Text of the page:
The earth teems with life. Just read the first chapter of Genesis. God filled the earth with “plants bearing seed . . . and trees bearing fruit with seed in it according to their kinds. And God saw that it was good” (Genesis 1:12). God decreed that the water would “teem with living creatures,” and “every winged bird according to its kind” would soar in the sky (vv. 20, 21). The Creator made animals to live on the ground (v. 25), then he crowned his creative work by creating human beings, both male and female—“and it was very good” (vv. 27, 31). No test tube can duplicate all that God originated. The earth teems with life.
But it also reeks of death. Just read the third chapter of Genesis. Rebellion wrecked Paradise. Truth succumbed to lies. Cheerful work devolved into painful labor. Fruitful ground gave way to thorns and thistles. Adam came from dust and returned to it. Communion with God gave way to banishment and separation.
Yet amid the curses came a glimmer of hope. In the fullness of time, one of Eve’s offspring would crush the serpent’s head (while enduring the pain of a bruised heel)—a prophecy fulfilled when Jesus of Nazareth defeated the devil by dying for our sins and rising again. John wrote of Jesus, “In him was life, and that life was the light of all mankind” (John 1:4). Peter got it right when he told Jesus, “You are the Messiah, the Son of the living God” (Matthew 16:16).
Do you realize how profound it is to believe in “the living God”? We shouldn’t say those words lightly.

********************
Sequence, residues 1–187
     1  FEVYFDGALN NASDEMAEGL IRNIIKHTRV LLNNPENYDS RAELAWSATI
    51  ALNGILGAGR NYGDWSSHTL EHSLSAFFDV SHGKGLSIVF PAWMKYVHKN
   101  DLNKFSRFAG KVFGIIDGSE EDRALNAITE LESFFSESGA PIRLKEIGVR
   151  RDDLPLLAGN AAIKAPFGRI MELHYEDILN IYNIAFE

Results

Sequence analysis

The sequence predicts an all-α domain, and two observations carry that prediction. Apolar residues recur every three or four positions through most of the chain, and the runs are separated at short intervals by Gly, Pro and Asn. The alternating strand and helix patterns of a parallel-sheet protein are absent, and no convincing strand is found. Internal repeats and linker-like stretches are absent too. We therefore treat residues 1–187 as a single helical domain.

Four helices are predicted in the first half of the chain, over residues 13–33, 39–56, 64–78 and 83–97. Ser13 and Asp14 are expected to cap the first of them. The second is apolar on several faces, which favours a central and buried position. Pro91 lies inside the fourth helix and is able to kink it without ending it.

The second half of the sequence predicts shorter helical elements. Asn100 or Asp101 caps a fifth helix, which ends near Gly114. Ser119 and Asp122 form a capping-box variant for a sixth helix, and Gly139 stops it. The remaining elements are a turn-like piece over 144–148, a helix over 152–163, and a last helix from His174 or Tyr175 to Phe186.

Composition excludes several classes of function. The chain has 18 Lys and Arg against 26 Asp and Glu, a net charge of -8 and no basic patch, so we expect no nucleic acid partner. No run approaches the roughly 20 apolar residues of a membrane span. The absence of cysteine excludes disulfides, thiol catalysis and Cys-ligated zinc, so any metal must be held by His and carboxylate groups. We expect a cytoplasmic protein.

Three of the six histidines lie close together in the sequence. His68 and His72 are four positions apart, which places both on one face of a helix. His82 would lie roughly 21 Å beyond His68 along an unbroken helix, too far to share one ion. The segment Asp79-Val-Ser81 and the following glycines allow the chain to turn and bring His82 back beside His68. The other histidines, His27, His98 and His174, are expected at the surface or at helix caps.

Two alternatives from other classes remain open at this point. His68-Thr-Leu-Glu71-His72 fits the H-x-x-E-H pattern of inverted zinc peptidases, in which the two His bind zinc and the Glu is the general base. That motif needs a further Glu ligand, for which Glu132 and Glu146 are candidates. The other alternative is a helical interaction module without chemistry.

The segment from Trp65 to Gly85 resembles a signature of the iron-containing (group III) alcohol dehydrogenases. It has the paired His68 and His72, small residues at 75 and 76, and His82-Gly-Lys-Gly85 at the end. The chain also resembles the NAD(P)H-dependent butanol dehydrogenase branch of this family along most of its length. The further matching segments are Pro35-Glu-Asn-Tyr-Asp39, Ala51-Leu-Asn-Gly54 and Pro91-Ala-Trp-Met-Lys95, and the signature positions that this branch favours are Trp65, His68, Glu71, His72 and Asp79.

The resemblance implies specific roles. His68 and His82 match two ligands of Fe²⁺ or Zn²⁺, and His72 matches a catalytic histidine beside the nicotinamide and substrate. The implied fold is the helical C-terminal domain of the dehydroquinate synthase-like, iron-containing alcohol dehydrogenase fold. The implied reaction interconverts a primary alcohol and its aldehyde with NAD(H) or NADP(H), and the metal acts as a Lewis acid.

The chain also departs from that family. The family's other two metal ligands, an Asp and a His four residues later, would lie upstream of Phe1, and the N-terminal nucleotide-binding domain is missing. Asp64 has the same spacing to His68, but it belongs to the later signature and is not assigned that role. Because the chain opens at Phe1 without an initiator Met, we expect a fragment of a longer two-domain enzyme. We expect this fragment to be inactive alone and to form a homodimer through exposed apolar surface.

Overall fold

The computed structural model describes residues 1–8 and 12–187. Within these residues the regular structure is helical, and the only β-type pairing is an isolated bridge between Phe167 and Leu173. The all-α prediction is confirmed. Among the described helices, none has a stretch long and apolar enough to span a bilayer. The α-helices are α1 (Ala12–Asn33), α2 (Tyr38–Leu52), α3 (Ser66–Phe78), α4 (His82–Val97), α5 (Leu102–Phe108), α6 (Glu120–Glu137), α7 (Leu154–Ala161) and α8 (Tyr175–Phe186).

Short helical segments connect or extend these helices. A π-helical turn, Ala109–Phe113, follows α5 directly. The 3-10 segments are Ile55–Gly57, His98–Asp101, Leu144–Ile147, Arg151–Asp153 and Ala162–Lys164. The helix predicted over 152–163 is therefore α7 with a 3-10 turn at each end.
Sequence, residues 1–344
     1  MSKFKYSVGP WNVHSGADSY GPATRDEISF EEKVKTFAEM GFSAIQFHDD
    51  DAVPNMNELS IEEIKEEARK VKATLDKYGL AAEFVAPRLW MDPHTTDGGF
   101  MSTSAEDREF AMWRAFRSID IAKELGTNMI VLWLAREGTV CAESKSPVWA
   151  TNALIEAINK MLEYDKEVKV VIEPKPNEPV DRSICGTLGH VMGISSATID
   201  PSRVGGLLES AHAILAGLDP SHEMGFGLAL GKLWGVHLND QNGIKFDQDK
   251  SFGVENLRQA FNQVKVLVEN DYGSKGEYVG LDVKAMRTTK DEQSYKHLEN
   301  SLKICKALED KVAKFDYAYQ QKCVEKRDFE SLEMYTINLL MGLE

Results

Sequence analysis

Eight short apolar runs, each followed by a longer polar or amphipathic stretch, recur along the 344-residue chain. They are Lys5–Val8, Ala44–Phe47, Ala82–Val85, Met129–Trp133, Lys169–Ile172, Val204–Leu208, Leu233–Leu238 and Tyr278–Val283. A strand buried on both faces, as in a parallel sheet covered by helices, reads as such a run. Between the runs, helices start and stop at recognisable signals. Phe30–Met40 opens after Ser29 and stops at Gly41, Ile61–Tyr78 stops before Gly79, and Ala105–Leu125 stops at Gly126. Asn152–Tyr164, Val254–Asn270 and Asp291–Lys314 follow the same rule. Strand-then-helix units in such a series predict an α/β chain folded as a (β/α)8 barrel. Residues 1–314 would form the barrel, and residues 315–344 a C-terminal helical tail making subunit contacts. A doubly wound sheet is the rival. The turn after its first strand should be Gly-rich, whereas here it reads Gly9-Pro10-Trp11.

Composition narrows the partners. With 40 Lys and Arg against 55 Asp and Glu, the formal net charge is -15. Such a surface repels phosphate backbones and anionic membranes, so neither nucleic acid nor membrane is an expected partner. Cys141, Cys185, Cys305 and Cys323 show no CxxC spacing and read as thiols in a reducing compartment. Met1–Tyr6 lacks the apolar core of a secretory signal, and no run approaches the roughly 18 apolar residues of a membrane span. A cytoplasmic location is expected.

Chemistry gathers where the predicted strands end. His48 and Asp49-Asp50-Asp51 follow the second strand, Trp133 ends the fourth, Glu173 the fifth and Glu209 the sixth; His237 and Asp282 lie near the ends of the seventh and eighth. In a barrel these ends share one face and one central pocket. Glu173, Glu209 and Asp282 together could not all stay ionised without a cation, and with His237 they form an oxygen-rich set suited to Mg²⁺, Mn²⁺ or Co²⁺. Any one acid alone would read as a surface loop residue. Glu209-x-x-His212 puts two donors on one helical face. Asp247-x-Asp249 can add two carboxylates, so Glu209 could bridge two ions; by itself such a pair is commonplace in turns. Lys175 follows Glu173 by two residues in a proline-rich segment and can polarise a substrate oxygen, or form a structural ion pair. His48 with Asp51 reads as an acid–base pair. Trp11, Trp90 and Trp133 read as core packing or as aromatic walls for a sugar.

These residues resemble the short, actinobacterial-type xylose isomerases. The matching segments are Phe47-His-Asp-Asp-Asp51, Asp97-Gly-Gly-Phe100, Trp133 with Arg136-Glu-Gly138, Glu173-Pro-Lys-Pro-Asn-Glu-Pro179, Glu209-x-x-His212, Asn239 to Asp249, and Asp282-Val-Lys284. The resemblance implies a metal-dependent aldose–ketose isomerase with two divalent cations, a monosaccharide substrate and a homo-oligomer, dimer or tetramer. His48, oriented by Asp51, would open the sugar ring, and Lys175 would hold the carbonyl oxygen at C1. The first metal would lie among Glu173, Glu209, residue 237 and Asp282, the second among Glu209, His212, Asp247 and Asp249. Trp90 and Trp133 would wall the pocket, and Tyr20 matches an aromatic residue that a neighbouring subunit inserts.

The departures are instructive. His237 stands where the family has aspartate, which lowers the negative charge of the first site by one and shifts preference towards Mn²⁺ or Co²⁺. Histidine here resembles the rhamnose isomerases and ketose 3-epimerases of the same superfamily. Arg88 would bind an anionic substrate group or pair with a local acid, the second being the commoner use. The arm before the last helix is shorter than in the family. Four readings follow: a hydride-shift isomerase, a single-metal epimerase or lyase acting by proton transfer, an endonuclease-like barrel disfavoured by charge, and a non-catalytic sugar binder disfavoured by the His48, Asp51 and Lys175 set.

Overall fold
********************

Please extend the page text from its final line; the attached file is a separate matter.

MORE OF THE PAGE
We worship the living God. He’s not a fake, made-up deity—a figment of our imagination. God is not dead. He’s not out-of-date or out-of-touch. He’s not a weak, wimpy, powerless deity—a mere philosophical or religious concept. He’s the living God—dynamic, vibrant, active, purposeful, on the move. He always has been alive and always will be.
We value physical life as God’s gift. Every human being bears the Father’s fingerprints. The unborn baby whose heart begins to thump in her mother’s womb draws life from the living God. So do the aged who approach the sunset of their earthly days while eternity still awaits them. Physical disabilities or mental limitations don’t reduce anyone’s value. People of every ethnic background and socio-economic level bear the image of the living God. “For in him we live and move and have our being” (Acts 17:28).
We receive spiritual life as God’s gift. The living God is the loving God. Love moves him to rescue us from the death our sin deserves. Christ laid down his life so we don’t have to “perish but have eternal life” (John 3:16). “Because of his great love for us, God, who is rich in mercy, made us alive with Christ even when we were dead in transgressions” (Ephesians 2:4, 5).
The Bible’s opening chapters detail the original splendor of God’s creation, while the final chapters point forward to the new heaven and earth (Revelation 21:1) where the curse is reversed and life never ends. If you feel thirsty in this desert-dry world, “take the free gift of the water of life” (22:17) offered by our living, loving, everlasting God.
David Faust serves as the Associate Minister at East 91st Street Christian Church in Indianapolis, Indiana.
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